Using a rubber gun with rubber bullets, deputy Randy Weller demonstrates how easy the target is for an active shooter when people huddle together in a room. (Putnam Sentinel/Nancy Kline)
Using a rubber gun with rubber bullets, deputy Randy Weller demonstrates how easy the target is for an active shooter when people huddle together in a room. (Putnam Sentinel/Nancy Kline)

LEIPSIC — It was a difficult for Leipsic teachers to watch the video playing in the auditeria on Monday morning. The scene on the screen was actual footage from within the library at Columbine during the shooting spree on April 20, 1999, by Dylan Klebold and Eric Harris. Twelve students and one teacher were killed that day and 23 injured before Klebold and Harris shot themselves.

“Unfortunately this is real life,” said Pandora Police Chief Scott Stant. Stant, Leipsic Police Chief Dennis Cupp, Putnam County Deputies Randy Weller and Brian Siefker and Mike Klear with the Putnam County Educational Service Center were at the school to provide ALICE (Alert, Lockdown, Inform, Counter and Evaluate) training to the nearly 70 teachers in attendance.

“Our early training for a lock-down was to stay under a table and stay quiet,” Stant said. “As you can see in this video it was the worst thing you can do.”

“Lockdown Only” strategies are what most schools used over 20 years ago (pre-Columbine). It revolved around the idea that if an active shooter is inside a school, faculty, staff and students sit in the corner and stay put until the threat is resolved.

It was found that lockdown-only actually gave the shooter what he or she wanted, a lot of people locked in a building in several compact spaces, making easy targets.

This was demonstrated when the Leipsic teachers were placed in three classrooms. The officers using rubber guns with rubber bullets walked into each classroom shooting the teachers crowded together against a wall. Following the demonstration, Stant asked how many had been hit by rubber bullets. Seventeen raised their hands.

“When we are done with the training, we should have lowered that number to one or two,” he said. He told teachers the training they received on Monday could be used in any shooting situation. “Things have changed,” Stant said. “Now we are seeing shootings in schools, malls, movie theaters and even in restaurants.”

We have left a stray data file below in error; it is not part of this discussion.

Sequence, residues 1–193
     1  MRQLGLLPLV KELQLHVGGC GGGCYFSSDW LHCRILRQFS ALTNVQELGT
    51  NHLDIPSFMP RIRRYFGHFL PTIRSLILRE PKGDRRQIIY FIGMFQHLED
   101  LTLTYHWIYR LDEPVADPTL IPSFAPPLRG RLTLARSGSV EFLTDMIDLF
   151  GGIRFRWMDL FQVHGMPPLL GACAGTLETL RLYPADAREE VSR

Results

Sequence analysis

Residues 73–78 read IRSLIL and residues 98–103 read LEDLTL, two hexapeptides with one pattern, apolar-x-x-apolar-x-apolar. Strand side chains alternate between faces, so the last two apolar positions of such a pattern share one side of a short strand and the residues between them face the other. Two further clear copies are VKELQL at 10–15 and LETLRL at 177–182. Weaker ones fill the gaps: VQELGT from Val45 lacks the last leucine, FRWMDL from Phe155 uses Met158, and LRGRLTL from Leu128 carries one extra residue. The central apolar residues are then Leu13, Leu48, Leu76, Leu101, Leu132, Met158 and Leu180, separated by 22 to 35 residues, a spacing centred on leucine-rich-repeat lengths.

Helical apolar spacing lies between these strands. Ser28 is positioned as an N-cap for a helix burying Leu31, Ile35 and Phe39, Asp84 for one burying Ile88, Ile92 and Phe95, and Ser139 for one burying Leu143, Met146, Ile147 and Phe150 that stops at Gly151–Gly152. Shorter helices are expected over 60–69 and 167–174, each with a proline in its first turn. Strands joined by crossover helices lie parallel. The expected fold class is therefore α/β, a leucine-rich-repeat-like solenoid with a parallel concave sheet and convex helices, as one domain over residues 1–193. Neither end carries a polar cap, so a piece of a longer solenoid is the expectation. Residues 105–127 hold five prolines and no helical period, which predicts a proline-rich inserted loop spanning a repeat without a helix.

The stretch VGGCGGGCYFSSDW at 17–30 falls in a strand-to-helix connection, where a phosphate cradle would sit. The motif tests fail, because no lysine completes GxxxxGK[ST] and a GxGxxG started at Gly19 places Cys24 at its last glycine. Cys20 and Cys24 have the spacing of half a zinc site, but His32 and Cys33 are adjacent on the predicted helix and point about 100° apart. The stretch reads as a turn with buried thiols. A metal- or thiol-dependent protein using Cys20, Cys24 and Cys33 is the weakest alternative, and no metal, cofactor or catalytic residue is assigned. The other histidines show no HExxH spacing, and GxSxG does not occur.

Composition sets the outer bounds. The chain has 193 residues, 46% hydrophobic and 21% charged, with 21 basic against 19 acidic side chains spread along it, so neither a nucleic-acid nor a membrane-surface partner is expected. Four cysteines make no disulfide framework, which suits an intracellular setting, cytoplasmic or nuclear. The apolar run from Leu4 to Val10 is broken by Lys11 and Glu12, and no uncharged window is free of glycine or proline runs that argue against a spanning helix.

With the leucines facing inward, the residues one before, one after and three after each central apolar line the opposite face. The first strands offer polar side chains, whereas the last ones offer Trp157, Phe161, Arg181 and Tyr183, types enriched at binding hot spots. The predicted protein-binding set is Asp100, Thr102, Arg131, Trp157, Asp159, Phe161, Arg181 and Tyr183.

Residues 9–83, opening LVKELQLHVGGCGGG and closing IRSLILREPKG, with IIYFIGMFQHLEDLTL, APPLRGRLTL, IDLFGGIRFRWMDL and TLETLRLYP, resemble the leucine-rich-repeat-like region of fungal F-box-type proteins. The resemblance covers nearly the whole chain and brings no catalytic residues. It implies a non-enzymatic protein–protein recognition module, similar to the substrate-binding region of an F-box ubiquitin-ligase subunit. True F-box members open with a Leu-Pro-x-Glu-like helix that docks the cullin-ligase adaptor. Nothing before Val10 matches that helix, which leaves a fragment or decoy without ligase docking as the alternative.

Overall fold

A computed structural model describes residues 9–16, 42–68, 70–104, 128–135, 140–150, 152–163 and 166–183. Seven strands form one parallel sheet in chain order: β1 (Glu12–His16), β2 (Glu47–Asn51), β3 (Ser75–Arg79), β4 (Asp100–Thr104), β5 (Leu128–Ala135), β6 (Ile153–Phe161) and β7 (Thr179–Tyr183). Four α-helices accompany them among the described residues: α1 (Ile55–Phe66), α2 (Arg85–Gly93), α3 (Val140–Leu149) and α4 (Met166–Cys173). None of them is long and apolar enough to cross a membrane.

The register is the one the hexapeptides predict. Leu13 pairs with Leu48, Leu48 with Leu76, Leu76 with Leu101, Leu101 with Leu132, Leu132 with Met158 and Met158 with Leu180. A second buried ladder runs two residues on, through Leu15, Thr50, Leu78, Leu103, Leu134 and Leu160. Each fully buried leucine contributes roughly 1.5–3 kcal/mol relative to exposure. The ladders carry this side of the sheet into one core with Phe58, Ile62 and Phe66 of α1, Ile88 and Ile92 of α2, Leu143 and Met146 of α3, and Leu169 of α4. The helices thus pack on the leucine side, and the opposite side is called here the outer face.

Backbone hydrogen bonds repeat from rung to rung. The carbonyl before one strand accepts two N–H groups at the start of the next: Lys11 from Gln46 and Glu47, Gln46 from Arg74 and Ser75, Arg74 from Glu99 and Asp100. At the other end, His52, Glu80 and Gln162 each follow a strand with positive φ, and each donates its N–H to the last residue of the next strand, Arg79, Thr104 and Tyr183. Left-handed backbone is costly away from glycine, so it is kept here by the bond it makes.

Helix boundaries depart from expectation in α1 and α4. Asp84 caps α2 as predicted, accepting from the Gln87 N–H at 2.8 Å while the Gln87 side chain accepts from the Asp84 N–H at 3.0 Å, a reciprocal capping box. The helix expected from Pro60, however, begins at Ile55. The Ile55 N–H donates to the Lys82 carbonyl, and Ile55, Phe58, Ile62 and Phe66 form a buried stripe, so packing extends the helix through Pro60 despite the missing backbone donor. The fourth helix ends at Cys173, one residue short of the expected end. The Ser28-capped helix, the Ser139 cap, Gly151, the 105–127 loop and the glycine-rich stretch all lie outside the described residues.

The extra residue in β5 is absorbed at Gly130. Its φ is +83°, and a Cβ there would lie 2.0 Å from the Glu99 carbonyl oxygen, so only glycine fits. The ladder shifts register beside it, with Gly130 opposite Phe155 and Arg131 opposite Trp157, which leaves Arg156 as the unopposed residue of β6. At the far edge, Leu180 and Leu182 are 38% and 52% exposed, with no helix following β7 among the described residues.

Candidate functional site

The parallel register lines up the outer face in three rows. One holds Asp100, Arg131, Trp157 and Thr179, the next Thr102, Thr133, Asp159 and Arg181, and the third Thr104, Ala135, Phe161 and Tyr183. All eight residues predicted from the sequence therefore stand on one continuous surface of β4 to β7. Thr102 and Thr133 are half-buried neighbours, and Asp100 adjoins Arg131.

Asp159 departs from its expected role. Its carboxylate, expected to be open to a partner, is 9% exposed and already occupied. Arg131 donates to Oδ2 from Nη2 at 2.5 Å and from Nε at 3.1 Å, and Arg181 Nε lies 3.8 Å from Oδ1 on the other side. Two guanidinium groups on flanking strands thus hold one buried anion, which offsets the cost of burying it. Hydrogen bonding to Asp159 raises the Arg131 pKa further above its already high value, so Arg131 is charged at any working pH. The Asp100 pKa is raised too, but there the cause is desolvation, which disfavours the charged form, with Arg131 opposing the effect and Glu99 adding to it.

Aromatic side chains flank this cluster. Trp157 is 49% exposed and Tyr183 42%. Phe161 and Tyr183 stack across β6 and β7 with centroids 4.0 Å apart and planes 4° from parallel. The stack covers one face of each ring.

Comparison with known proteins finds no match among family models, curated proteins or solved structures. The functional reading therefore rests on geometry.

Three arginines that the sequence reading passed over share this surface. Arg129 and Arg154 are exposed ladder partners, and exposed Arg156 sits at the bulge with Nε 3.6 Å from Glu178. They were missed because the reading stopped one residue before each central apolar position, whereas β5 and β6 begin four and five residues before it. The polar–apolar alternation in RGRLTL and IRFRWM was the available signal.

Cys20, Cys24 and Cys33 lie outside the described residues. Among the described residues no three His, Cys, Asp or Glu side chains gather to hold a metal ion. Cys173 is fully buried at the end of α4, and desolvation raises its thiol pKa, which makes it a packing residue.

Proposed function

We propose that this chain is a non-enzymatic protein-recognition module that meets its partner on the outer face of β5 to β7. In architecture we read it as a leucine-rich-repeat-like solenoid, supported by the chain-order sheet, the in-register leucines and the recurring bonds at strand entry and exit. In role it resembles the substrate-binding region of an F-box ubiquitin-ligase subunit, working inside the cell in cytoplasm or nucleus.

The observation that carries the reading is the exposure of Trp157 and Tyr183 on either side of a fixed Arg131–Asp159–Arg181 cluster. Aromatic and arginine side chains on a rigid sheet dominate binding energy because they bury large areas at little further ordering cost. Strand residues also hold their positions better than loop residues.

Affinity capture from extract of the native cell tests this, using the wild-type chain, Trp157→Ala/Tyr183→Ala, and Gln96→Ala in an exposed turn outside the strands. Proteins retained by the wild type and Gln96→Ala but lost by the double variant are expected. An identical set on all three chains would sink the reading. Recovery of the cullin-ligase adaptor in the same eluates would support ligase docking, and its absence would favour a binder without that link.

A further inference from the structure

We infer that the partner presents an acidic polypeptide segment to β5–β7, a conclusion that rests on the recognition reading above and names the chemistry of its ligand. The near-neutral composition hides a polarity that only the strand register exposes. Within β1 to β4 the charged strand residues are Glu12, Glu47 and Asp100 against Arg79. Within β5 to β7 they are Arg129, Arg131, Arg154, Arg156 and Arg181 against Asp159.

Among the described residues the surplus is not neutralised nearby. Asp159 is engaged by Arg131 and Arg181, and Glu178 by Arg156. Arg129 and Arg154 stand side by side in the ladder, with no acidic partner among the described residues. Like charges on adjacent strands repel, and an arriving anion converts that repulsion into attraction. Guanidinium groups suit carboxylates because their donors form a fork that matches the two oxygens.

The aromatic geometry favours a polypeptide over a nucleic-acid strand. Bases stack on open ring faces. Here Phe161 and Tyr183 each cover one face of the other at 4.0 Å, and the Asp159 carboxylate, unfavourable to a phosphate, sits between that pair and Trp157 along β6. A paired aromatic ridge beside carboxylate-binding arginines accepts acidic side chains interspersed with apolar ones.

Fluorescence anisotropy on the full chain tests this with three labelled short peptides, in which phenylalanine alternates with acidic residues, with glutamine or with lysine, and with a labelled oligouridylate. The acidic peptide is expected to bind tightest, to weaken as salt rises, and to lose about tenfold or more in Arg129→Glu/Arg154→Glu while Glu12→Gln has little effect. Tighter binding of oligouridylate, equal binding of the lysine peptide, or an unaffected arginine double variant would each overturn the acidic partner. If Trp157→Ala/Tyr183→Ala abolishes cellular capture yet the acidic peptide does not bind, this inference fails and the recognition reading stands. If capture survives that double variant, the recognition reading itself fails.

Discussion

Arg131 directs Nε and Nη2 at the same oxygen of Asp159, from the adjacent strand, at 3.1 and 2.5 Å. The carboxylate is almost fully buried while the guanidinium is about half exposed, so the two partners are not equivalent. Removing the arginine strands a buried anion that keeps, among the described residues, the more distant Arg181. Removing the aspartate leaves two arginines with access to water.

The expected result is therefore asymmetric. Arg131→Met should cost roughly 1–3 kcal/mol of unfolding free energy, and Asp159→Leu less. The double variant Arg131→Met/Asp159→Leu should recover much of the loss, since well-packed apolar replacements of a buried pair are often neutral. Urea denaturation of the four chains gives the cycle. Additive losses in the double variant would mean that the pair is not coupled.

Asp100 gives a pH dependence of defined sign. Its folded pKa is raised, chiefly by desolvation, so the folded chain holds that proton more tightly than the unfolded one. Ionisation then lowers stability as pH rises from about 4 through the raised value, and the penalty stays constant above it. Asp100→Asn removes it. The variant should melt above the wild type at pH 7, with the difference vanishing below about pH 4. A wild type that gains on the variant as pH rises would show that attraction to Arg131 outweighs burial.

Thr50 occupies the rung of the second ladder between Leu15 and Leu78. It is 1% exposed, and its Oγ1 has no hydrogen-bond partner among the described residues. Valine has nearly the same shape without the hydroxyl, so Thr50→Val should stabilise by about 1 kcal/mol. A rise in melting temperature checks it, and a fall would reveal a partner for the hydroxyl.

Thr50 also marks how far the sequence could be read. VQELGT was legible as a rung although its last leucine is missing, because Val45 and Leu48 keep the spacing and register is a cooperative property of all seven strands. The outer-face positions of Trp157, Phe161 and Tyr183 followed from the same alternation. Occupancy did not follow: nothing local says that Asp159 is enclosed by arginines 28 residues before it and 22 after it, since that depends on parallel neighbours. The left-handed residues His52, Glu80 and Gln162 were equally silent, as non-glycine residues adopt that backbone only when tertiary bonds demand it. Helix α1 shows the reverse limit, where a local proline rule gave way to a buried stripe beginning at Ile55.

The training involved teaching administrators, teachers and students how to be a hard target. This involved making it difficult for a shooter to enter a room by blocking the door, not just locking it; distracting the shooter by throwing anything available at them including, chairs, books, and computers.

Teachers received one-on-one training in what to do if approached by someone aiming a rifle, gun or knife at them. They also learned how to pin a shooter down by sitting on their arms, legs and neck.

“If you knock a gun loose place it in a trash can,” Stant said. “Don’t pick it up and carry it out. The law enforcement are looking for an active shooter and they may think it is you.”

The ALICE training began four years ago in Putnam County through a grant received at the Putnam County Educational Service Center. Klear said they now have over 1,000 people in the county who have received ALICE training.

Stant stressed the importance of using radios for communication and the importance to train, train, train in being prepared for an active situation. He recommended the school practice this unannounced in the school.

“We have changed how we teach, now we are having to make changes in how we secure our buildings and students,” said Leipsic Superintendent Greg Williamson. He said they arranged this waiver day and training for Leipsic teachers and administrators to give them the tools they may need if a situation should occur.

“We also want to develop a laundry list of changes we can make within the school to make it safer,” Williamson said.

story created on Monday 2/10/2014 at 4:28:52 pm by Nancy Kline
story modified on Tuesday 2/11/2014 at 6:49:44 pm by Kirk Dougal